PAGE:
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For the week of July 26 through August 1, 2000

It’s unanimous: Carey council backs aerial crop spraying

Health impact is dominant issue

"I’m sad to be at this meeting. I’m sorry to have to defend my livelihood."

Inge Molyneux, Carey farmer

Express Staff Writer

The Carey City Council, after listening to neighbor debate neighbor over aerial chemical spraying of farm land within city limits, unanimously decided to allow the practice to continue.

Technically, the council can’t directly ban spraying. Only the state can do this.

But the panel can decide whether or not to continue issuing letters to the pilots, called "aerial applicators," granting them authority to fly over the city’s limits.

Councilman Dan Parke made the motion last Tuesday for the city to continue issuing permission letters that green light the application of "pesticide/herbicides within the municipal boundaries of the city of Carey." The only change was to alter language describing crop pest-controlling chemicals from "pesticide/herbicides" to "pesticides."

The three dozen or so Carey area residents who showed up for the meeting reflected the community’s division over aerial spraying.

Pro-spraying farmers sat next to their neighbors whose homes back up to farm fields where spraying occurs. Many in this latter group were concerned over spraying’s health impact.

Before opening discussion on the controversial issue, Council President Bob Simpson, in charge of the meeting in Mayor Rick Baird’s absence, admonished the audience that all comment should be addressed to the council. If there was any shouting or shenanigans, he said, he would close the public hearing.

Setting aside time to hear residents voice their views on aerial crop spraying stemmed from the council’s June 20 meeting when it heard the concerns of Jerry and Diana Decker and Kaye Sparks, all of Carey.

The Deckers and Sparks presented the council with a petition of 39 names calling for the city to ban "the practice of airplane spraying" within the city. Their primary concern was the health of their children, the elderly and the sick.

At first, when Simpson asked for public comment at the Tuesday council session, no one volunteered. So he asked two representatives of the Idaho Department of Agriculture, who had been invited to attend by the council, to introduce themselves.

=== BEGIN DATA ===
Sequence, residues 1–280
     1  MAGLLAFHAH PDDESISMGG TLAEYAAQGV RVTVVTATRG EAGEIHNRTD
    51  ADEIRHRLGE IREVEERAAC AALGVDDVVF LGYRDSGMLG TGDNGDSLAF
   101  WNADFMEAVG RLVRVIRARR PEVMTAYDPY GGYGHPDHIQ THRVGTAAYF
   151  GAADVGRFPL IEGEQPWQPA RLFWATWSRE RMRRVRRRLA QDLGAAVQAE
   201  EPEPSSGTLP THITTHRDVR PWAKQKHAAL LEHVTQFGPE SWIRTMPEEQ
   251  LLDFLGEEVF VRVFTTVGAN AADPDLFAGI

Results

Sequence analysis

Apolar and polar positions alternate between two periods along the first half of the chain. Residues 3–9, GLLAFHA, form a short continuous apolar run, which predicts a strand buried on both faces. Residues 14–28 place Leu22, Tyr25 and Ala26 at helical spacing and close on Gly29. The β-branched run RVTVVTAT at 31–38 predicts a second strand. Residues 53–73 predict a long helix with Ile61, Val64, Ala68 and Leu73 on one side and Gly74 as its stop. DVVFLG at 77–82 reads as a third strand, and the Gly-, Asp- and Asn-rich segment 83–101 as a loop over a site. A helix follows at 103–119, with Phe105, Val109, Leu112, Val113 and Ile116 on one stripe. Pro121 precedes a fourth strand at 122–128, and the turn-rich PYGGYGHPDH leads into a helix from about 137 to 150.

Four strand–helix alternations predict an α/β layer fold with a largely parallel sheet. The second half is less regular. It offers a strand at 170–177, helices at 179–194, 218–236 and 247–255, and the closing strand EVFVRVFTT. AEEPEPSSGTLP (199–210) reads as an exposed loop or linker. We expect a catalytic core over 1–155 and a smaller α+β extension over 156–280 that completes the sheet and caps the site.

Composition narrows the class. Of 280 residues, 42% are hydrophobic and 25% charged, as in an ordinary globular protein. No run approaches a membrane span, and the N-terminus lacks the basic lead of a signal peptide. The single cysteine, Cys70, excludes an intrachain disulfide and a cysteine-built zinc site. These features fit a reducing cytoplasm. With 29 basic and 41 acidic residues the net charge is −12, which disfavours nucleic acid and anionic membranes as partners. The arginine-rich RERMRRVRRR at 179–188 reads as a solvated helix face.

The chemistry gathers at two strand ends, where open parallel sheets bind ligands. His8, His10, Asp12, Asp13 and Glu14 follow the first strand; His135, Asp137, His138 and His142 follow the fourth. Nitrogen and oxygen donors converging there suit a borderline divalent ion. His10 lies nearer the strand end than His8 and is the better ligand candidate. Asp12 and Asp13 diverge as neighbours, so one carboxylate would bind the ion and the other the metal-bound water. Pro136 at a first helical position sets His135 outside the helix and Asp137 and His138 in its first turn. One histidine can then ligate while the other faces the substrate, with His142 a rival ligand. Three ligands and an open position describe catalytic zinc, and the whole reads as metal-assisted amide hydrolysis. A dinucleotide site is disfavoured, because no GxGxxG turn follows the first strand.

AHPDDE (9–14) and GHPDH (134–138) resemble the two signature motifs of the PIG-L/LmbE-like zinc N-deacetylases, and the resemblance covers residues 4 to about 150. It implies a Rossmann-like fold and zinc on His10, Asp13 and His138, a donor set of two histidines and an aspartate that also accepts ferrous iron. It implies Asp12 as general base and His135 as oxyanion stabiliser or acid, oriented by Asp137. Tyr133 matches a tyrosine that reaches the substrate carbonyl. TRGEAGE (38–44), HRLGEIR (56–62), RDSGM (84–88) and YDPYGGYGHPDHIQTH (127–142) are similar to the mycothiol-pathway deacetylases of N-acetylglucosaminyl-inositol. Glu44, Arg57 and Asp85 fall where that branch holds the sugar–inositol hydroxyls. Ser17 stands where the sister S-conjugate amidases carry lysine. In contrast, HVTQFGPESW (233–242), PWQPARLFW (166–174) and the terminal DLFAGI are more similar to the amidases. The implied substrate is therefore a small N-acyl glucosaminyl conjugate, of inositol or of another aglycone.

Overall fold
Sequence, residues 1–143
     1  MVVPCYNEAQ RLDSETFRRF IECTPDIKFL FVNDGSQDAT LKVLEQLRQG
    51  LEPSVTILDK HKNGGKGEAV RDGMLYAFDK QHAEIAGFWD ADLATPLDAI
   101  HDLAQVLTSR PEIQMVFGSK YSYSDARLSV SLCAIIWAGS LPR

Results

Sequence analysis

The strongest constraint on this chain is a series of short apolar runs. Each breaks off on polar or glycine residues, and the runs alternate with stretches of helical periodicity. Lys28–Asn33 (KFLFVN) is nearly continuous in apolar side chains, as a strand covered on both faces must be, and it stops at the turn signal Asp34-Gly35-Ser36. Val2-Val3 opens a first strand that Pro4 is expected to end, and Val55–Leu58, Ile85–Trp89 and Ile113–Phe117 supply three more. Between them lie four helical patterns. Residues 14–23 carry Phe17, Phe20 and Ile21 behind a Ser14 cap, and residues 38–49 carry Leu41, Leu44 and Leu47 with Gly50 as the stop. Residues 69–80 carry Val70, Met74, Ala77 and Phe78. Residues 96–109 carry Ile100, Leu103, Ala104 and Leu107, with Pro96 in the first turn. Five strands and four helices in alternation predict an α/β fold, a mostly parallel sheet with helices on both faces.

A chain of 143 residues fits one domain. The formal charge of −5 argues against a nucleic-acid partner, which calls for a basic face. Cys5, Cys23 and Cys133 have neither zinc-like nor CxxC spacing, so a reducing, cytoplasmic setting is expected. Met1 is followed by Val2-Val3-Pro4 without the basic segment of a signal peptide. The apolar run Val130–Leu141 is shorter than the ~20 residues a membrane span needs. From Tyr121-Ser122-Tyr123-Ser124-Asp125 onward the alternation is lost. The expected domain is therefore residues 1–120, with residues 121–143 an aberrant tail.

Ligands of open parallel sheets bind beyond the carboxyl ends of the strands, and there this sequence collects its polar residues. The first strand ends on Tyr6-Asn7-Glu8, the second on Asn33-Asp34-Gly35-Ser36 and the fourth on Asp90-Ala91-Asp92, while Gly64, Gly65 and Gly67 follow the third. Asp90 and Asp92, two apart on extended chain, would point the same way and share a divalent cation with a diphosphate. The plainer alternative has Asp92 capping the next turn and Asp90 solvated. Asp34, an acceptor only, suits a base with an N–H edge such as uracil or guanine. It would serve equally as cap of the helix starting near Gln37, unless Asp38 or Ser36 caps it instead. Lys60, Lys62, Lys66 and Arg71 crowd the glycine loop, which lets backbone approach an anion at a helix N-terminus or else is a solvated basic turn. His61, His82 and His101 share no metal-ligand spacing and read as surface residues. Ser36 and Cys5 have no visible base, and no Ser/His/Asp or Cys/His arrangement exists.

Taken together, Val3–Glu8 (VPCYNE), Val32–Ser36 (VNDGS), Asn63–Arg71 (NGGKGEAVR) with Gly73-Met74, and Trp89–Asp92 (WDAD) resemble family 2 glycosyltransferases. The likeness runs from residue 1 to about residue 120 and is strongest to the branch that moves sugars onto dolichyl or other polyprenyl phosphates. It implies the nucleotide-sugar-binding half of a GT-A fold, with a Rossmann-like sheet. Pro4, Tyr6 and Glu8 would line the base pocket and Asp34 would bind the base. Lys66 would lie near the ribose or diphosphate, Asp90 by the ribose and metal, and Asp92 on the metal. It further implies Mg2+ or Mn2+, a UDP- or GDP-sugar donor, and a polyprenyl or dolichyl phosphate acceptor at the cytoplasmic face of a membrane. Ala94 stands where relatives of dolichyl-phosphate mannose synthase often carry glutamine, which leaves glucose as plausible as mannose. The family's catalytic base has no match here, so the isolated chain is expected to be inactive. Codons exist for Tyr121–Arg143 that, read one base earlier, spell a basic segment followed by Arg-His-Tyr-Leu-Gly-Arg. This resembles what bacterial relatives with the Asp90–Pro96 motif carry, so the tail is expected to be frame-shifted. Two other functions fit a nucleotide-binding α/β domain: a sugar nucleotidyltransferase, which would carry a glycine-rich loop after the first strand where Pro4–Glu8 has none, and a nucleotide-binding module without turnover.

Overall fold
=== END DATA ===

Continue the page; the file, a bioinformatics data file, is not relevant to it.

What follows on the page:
They were Rod Gabehart, a Twin Falls-based senior agricultural investigator for the agency’s south central region; and Jim Baker, a Boise-based toxicologist.

Carey resident Ron Hill started the public discussion. He wanted to know if aerial applicators were bonded.

Gabehart said the applicators were required by Idaho to be financially responsible for the consequences of their work.

Jerry Decker, a critic of aerial spraying, then told the council he had an additional 15 names to add to the 39 on the petition calling for an end to spraying.

Many who signed, he said, were uncomfortable about their public position because they were "fearful of repercussions."

Nevertheless, he said, the petitioners were concerned about spraying "not in general, but about overspraying and the effect on the community."

Spraying’s impact on residents’ health is of primary concern, he underscored.

"To say these things are safe is absurd," he said. "The [federal] EPA (Environmental Protection Agency) is investigating these chemicals right now."

Lita Hansen of Carey had her own list of names to present to the council—a petition in support of the farmers’ pro-spraying position.

Approximately 105 people, she said, signed their names to the following statement:

"We the undersigned wish to show our support of the farming community of Carey. We endorse their efforts to maintain their agricultural ground by the means they see fit, whether by ground and/or aerial spraying."

A popular speaker was Inge Molyneux, a member of a Carey farming family.

The first thing she did was present the council with a copy of a story in the Mountain Express (July 12) on crop spraying. She said it provided a starting point in an effort to understand the dynamics of aerial spraying.

"I don’t think we have to be hostile" about aerial spraying, she said, but "we do have to have common sense.

"I send my kids inside the house when I hear a crop duster."

Then, again, she said she is the kind of person who makes sure "everyone has their safety belts on" before she starts driving.

She had nothing but praise for the applicator pilots.

"These pilots are so incredible," she said. "They’re like the Blue Angels."

Molyneux argued against the perception that farmers were overspraying their crops.

Farmers, she said, don’t use expensive chemicals lightly—not when the last time she applied chemicals to her farm it cost $300 a gallon.

"I’m sad to be at this meeting," she said. "I’m sorry to have to defend my livelihood."

Applause broke out as she took her seat.

Then, Wendy Noble of Carey attempted to frame what she saw as a bottom line question.

"I want to ask farmers what would happen if they didn’t spray," she asked.

As several farmers began to respond, one voice was heard above the rest:

"We’d be broke in a year."


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